Hypertension

Stephen Payne, MD -  - Family Medicine

Stephen Payne, MD

Family Medicine located in Williamstown, MA

Hypertension is a dangerous health condition that’s frequently called the “silent killer” because it often has no symptoms until severe damage occurs. In Williamstown, Massachusetts, Stephen Payne, MD has more than 30 years of experience in family medicine, both preventing hypertension and managing existing chronic high blood pressure conditions. Protect your heart health by scheduling a physical exam with Dr. Payne today. Call the office or book an appointment online.

Hypertension Q & A

What is hypertension?

Hypertension, or high blood pressure (HPB), is the result of your blood pressure being elevated for an extended period.

As your heart pumps oxygen-rich blood through your capillaries, veins, and arteries, it exerts force against your blood vessels. When this pressure remains high for long periods of time, it causes your heart and blood vessels to work harder.

Over time, damage occurs within your arteries from the strain. Plaque and bad (LDL) cholesterol collect within these tears, and your arteries begin to narrow. When your arteries shrink, it forces your heart to work even harder, raising your blood pressure more.

What are the risks associated with hypertension?

When your blood pressure remains high for an extended period, it strains your system and increases your risk of several conditions, including:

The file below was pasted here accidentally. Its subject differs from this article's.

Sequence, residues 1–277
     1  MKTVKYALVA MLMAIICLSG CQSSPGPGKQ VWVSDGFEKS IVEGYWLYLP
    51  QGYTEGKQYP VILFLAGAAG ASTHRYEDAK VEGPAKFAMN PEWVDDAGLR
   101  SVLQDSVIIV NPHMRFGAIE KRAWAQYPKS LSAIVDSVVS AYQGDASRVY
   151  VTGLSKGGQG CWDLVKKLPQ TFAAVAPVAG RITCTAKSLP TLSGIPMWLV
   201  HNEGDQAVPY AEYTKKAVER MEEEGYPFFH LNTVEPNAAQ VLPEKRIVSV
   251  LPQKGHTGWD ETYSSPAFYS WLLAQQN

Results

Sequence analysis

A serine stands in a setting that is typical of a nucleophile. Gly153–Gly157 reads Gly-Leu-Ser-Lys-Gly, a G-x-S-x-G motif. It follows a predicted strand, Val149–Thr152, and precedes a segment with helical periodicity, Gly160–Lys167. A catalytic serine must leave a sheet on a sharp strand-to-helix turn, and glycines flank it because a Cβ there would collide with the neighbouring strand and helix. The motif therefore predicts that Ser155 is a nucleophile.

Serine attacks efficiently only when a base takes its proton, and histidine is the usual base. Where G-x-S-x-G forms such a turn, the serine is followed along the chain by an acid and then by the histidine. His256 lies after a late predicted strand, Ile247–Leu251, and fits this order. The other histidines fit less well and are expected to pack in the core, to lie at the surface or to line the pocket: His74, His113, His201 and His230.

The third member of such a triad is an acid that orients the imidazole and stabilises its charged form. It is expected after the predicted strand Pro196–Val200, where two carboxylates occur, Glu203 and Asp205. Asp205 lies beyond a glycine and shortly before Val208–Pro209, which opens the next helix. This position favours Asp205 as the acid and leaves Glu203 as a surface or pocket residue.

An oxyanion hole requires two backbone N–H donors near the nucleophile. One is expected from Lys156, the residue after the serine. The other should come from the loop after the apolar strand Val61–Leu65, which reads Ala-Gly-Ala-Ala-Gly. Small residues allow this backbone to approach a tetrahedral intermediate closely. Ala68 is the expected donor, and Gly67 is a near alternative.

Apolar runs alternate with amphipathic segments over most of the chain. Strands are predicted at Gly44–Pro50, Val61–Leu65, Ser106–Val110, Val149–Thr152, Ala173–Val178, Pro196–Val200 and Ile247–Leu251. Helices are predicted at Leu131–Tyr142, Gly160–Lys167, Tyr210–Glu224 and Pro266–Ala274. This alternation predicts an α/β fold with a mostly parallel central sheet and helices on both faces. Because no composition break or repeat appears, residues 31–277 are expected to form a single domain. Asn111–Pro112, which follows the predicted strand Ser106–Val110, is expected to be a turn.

• Aneurysm
  • Heart attack
  • Heart failure
  • Enlarged heart
  • Arrhythmias (irregular heartbeat)

Hypertension can also lead to problems with other organ systems in your body. Your brain is at an increased risk of stroke, cognitive impairment, and dementia. Your kidneys can develop scarring, aneurysms, and even fail.

Hypertension can also cause damage to the blood vessels in your eyes, fluid buildup under your retina, and sometimes optic neuropathy (nerve damage).

What causes hypertension?

If you have primary, or essential, hypertension, there’s no obvious cause, and it develops slowly over time. In secondary hypertension, your high blood pressure occurs suddenly because of another condition, such as certain medications or alcohol and drug abuse.

Additional factors leading to hypertension include:

  • Diabetes
  • Sleep apnea
  • High-stress lifestyles
  • Being overweight or obese
  • Sedentary lifestyles
  • Diets high in salt and low in potassium and vitamin D
  • Kidney or thyroid disease

Your risks of developing hypertension increase as you age;  approximately nine in 10 Americans experience high blood pressure during their lifetime.

How is hypertension treated?

Dr. Payne typically uses a combination of medications and lifestyle modifications to control hypertension. These might include:

  • Stress management techniques
  • Weight loss plans
  • Dietary changes
  • Exercises to increase fitness

To ensure your condition is effectively managed, Dr. Payne closely monitors your health through regular physical exams and testing that might include stress tests, electrocardiograms, and echocardiograms.

Call Stephen Payne, MD, or schedule an appointment online today to see if you’re at risk for hypertension.